FIG. 13 is a block diagram illustrating a preferred embodiment of the present invention. First, the interference pattern in the cell of interest must be determined at step 130. Second, an antenna gain pattern conforming to the interference pattern of the cell of interest must be identified at step 132. Finally, the identified antenna gain pattern must be provided by the satellite at step 134. In one embodiment of the present invention, the interference pattern for the cell of interest is predetermined, prior to satellite launch, and an antenna is constructed to deliver a conforming antenna gain pattern. The antenna may include a shaped reflector, beamformer, or adaptive array. In another embodiment, an adaptive array, beamformer, or the like are controlled dynamically on the satellite to match the antenna gain pattern to the interference pattern of the ground cell. The dynamic control is performed in real time. In general, both the mainlobe antenna gain pattern and interference patterns are designed together, possibly through an iterative process, such that the mainlobe antenna gain conforms to the interference pattern in the cell of interest.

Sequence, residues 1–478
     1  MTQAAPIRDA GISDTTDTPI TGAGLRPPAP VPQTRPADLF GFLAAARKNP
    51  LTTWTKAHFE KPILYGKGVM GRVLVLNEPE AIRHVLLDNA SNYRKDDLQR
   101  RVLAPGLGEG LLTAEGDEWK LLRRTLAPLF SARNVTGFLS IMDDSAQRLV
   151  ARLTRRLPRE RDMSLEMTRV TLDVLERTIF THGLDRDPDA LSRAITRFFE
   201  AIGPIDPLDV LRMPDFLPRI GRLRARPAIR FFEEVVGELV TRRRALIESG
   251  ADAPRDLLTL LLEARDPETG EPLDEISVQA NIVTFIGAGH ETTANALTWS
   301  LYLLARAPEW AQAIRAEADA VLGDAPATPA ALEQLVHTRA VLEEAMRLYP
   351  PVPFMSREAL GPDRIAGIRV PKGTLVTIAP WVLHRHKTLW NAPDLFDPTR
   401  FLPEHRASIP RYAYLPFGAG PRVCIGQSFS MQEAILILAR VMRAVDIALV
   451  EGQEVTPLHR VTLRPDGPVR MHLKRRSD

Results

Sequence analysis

Although the present invention has been described with reference to specific embodiments, those of skill in the art will recognize that changes may be made thereto without departing from the scope and spirit of the invention as set forth in the appended claims.

Patent Citations
Cited PatentFiling datePublication dateApplicantTitle
US5134423Nov 26, 1990Jul 28, 1992The United States Of America As Represented By The Secretary Of The Air ForceLow sidelobe resistive reflector antenna
US5402137Mar 11, 1994Mar 28, 1995Hughes Aircraft CompanyEqualized shaped reflector antenna system and technique for equalizing same
US5546097Dec 22, 1992Aug 13, 1996Hughes Aircraft CompanyShaped dual reflector antenna system for generating a plurality of beam coverages
US5875180 *Feb 6, 1997Feb 23, 1999Globalstar L.P.Satellite telephone interference avoidance system
US5894590 *Jul 31, 1995Apr 13, 1999Motorola, Inc.Independent satellite-based communications systems sharing common frequency spectrum and method of operation thereof
Referenced by
Citing PatentFiling datePublication dateApplicantTitle
US6606076Feb 28, 2001Aug 12, 2003The Ohio State UniversityReflective panel for wireless applications